Wider tidal creeks and rivers are great places to hunt for fly rod fluke. You’ll also want to target these on the outgoing tide if possible; but if the water is deep enough, sometimes fluke will ride the current in. Use the current to your advantage no matter which way it is flowing, casting up current and letting the flow work your fly back past you. Look for lips and depressions and concentrate on those.

Shallow flats are tailor-made for fly rodders. While you’re best suited looking for steep gradients when fishing deeper waters, you can focus on much subtler depth changes on skinny bars and flats. Because they are so thin, fluke can hide in the tiniest depressions—stuff too small to be noted on a depth finder and difficult to see by eye even in crystal clear waters. Flats such as these won’t have water rapidly sweeping over them except at the very peak tide stages, so fluke won’t be concentrated as they would be near a pinch point like a creek mouth. Instead, they will likely be spread out over the relatively featureless sand or mud bottom and you’ll have to do some casting to connect. Toss your fly out ahead of you in a fan pattern, hopping it back to you slowly.

Beachfronts are another great place to look for fluke. Here, they will often hold in the trough, just at the water’s edge. Offshore bars hold fluke both alongside and on top, so work these thoroughly. Changes of depth of a foot are a big deal on sand beaches, and you can pull a couple of fish off of the smallest depression. Thoroughly work any cuts you find. Cover as much ground as possible by walking, casting in a fan motion around you as you go.

Jetties are a great place to encounter all sorts of gamefish. For fluke, target the groins where the rocks meet the sand. You’re better off standing on the beach and casting toward the jetty, as the sharp rocks can do a number on lines if you’re not careful. And note that you’ll probably need fairly heavy line, as the currents here can be stiff.

You can fish deeper water for fluke with a fly rod, but past a certain depth you’re just attempting to dredge bottom with a sinking line. A better approach is to look for shallow flats adjacent to deeper water, where fluke will pop up for a quick bite. One of my favorite spots is a 6-foot deep flat just off the edge of a much deeper channel. I find fish here on just about every stage of the tide, but they seem to be most active at slack.

Boat Handling

Garmin Force Kraken bow mounted trolling motor
Bow-mounted trolling motors can be valuable tools to slow the speed of your drift and keep your fly in the strike zone. Courtesy Garmin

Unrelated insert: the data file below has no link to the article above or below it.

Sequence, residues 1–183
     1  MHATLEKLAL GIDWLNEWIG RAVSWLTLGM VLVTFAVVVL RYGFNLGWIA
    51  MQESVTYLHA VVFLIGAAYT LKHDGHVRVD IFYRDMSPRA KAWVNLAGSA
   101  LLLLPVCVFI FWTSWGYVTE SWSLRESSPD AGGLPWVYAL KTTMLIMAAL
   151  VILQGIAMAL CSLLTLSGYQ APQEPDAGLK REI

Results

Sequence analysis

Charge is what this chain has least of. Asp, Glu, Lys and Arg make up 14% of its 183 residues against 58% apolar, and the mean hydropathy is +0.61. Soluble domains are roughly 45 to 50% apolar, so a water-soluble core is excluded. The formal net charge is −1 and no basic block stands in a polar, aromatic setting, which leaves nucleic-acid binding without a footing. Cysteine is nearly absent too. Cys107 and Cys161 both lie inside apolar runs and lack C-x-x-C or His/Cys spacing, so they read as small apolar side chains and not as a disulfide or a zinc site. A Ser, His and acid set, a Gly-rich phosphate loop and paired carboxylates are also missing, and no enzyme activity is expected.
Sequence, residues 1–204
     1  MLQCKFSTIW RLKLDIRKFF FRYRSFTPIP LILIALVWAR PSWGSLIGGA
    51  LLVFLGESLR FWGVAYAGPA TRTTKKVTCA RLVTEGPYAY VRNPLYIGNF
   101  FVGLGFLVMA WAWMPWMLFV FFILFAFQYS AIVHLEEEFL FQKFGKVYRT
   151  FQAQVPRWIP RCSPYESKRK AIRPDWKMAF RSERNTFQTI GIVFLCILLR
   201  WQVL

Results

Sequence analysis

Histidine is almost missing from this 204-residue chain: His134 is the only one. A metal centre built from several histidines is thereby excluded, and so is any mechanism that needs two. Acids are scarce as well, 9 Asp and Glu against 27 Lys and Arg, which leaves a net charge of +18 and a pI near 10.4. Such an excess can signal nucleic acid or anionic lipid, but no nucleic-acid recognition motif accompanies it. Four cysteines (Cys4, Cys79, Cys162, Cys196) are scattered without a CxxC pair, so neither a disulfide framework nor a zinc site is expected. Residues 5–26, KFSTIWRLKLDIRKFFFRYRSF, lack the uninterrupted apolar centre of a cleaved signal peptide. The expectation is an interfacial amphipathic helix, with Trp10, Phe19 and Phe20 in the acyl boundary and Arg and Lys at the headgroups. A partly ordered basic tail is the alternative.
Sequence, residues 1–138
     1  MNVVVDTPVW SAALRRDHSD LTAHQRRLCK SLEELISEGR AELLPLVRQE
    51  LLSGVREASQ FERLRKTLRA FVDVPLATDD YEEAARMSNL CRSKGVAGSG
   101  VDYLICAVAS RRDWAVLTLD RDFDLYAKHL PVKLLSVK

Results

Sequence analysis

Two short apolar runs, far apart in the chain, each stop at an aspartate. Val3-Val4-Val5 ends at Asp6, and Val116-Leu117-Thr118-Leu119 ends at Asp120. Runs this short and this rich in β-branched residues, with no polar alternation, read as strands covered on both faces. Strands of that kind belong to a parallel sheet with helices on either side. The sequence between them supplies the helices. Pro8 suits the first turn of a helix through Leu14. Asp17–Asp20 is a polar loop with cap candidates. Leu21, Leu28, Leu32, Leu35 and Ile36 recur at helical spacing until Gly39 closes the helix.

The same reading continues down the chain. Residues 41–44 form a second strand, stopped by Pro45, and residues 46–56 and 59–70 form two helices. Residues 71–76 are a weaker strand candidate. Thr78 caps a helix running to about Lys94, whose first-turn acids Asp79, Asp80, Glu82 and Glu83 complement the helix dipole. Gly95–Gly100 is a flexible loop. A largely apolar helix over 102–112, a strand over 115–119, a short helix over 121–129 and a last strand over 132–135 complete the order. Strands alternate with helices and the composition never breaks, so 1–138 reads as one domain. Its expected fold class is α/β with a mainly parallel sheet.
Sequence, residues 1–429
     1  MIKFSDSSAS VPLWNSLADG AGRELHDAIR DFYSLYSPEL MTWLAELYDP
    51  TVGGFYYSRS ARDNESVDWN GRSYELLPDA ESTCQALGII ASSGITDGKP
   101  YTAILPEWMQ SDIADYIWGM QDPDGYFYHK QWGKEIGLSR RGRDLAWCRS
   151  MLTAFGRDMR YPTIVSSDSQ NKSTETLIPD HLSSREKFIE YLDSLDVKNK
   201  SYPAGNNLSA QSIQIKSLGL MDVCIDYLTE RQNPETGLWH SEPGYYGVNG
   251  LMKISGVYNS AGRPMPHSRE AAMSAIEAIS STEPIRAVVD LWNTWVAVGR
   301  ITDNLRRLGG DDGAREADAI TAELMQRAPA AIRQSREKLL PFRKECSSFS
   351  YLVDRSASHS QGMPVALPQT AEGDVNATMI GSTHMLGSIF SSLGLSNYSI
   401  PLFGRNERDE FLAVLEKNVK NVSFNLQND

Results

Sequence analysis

When fly fishing, you can’t just add lead to stay on bottom like you would with conventional tackle. You must do your best to keep drifts under 1 knot or the current will force the thicker fly line upward. The days when wind and tide go against each other, typically a tough scenario, are a boon to fly fishers. On days your boat is moving too fast, use a drift sock, or even better, a trolling motor, to keep speeds down.

To ensure your fly makes it to the strike zone, cast up current from the direction of your drift, giving the line plenty of time to settle before you reach what you expect to be productive ground. Depending on the speed of your drift, you might not need to actively retrieving the line. Instead, you will just move the rod tip to impart some action to the fly.

You often can’t rely on your electronics to find the subtle pieces of structure that you’ll be targeting, so you’ll want to note the most productive stretches. Mark waypoints or take land ranges so you can repeat these drifts later. You’ll probably need to reposition the boat frequently to keep action consistent.

Get Out There

big fly rod fluke
The author caught an 28-inch fluke on an 8-weight fly rod when he was 18. Joe Albanese

If you already fly fish the salt, you probably have everything you need to chase fluke with the long wand. So pursue a familiar species in a new way this summer, and add some more fun to your inshore adventures. Most of the fluke you’ll encounter will be shorts, but the possibility for keepers—and trophies—exists.

Odds are good a fly rodder will never encounter a specimen as large as the 22-pound, 7-ounce summer flounder caught by Captain Charles Nappi off the coast of Montauk in 1975 that stands as the IGFA All Tackle World record. But the 12-pound tippet fly tackle record is a much more reasonable 8 pounds, 4 ounces, taken off Cape May in 2008 by Chris Goldmark.

I caught a fluke of similar dimensions when I was 18, probing a creek mouth with a Clouser minnow on the dropping tide. Record books weren’t on my mind at the time, but I’ve been kicking myself for not having it officially weighed ever since.